Attracting sponsorship becomes more and more difficult for English Premier League football clubs. At least for the financial value they demand. It’s the broadcast marketing dilemma – in the digital, engagement marketing world, talking about media values and boasting about the amount of TV coverage comes across as outdated. EPL clubs need to talk about the experience and the engagement factor instead of media values. Otherwise, it’ll be just a matter of time before even EPL clubs will need to embrace lead generation deals that are purely based on pay per performance.
Anyway, let’s move away from the usual, traditional sponsorship agreement, whereby the “brand owner” (sponsor) pays the “rights owner” (club) towards a more radical approach with a smaller financial upside in the short term, but a significant positive impact on future commercial opportuntities through improved and attractive positioning for the football clubs itself.
And that’s how we do it: Instead of selling advertising space on the front of the shirt, the club pays a brand to be the partner and as such also on the shirts. Not just any brand, but elite brands such as Apple or Google, or up and coming movers and shakers such as Foursquare. In other words, the club really cares about their choice of partner, not who brings in most cash.
Here are the reasons why the club wants to pay for these relationships:
1 – Halo effect
Any club using this approach would benefit from the transfer of the brand values and brand exposures. Suddenly, instead of being commercially behind the curve, the club creates the perception of being at the forefront of developments.
2 – Consistent brand experience
Obviously perception is not enough and will be discovered soon enough; for it to become reality the club needs to integrate the partner fully and will benefit commercially. For example:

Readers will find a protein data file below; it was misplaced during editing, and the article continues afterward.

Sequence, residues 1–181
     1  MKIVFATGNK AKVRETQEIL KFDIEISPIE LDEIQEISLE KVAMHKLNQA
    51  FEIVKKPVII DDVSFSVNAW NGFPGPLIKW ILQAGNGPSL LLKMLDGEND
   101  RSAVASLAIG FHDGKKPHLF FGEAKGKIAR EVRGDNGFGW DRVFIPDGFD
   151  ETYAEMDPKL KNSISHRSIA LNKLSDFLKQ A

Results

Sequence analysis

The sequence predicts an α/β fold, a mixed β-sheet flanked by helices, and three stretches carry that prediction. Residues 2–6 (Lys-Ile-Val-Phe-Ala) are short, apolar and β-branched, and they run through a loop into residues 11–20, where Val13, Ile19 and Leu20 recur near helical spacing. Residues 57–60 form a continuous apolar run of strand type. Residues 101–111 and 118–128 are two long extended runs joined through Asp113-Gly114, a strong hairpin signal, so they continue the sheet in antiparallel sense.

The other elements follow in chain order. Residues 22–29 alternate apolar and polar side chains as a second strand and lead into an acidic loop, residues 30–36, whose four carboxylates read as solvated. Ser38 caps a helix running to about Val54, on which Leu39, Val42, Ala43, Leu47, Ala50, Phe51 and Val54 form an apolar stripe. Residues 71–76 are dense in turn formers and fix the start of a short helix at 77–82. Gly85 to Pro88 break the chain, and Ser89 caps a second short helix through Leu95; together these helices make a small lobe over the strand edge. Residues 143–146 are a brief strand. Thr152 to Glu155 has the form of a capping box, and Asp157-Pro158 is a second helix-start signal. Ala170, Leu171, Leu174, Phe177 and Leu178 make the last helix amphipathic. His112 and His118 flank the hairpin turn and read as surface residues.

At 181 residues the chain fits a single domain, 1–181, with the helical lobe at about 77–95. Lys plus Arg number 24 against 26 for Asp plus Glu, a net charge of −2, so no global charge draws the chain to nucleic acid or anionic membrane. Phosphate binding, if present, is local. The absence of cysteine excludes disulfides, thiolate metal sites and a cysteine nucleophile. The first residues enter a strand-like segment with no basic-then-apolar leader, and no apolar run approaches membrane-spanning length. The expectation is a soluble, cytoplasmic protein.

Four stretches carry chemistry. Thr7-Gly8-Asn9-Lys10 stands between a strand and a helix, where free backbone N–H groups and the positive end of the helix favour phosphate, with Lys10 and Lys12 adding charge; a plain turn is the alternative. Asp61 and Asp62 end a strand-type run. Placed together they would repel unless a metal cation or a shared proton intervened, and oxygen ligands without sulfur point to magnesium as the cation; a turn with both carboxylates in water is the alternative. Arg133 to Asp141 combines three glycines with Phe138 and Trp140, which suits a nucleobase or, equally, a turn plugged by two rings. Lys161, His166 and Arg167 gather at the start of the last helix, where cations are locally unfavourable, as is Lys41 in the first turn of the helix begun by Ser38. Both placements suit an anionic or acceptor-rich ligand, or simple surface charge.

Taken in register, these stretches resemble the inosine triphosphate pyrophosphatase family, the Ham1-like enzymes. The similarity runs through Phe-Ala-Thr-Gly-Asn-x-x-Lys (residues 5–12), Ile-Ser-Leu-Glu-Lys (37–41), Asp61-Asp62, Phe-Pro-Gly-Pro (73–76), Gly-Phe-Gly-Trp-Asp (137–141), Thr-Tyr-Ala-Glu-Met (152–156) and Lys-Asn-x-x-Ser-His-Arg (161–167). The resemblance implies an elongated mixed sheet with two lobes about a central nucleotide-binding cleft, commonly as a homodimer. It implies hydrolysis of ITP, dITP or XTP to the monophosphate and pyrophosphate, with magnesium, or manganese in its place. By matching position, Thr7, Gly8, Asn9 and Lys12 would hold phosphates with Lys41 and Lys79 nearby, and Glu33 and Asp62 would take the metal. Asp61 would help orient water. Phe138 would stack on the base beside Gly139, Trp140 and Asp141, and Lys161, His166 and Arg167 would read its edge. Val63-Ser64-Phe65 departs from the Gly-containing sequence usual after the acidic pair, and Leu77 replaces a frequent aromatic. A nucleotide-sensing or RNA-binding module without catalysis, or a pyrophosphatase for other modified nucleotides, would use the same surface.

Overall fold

With Foursquare as partner, the club could use it as their dynamics CRM system, simultaneously reducing costs and increasing engagement. Man City and Foursquare have given a first example of other initiatives, but the club could reach out to other Fousquare users and become a hothouse for Foursquare in the UK. For more info on integrating social media, please read “How football clubs can use mobile and social media to their advantage”
3 – Tapping into a world wide audience
There are more staunch Apple supporters in the world than there are Spurs supporters. The club would tap into a massive audience and would come to global prominence even outside of the football family. Engaging with brand supporters and employees will be very rewarding and will create a network of ambassadors for the club around the world.
This is also true with Foursquare – it’s not yet as well known as Apple or Google – but it’s being embraced by the early adopters and will be as powerful as Twitter in the near future. At the same time it’s slightly edgier. I’d have the mayor logo on my shirt.
4 – Commercial benefits
Let’s add it up: bigger international fan base and higher international standing, greater awareness and attractiveness within England, greater reputation for innovation and intelligent marketing, greater engagement levels whilst bringing the infrastructure and cost levels to that of a modern organisation. All in all, I think that sounds pretty good, don’t you?
What brands to choose?
The club obviously needs to choose with consideration against the vision and envisioned future positioning. I’d personally look first at consumer focused tech brands as it’ll create more traction quicker in the external environment and can be integrated easier to a higher impact internally; brands such as Foursquare, Google, Apple or from categories such as social gaming, micro-blogging, IPTV. The edgier the brand and the steeper the ascendency, the greater the possibilties.
This approach requires a longer term commercial vision, a change in culture and most likely a different skill set – but it’s worth a shot, isn’t it? With the current model being unsustainable, EPL clubs would benefit from focusing on the unique experience only they can deliver, combining it with an engagement marketing approach and – as Brett Yormack, CEO of NJ Nets said – experiment more aggressively.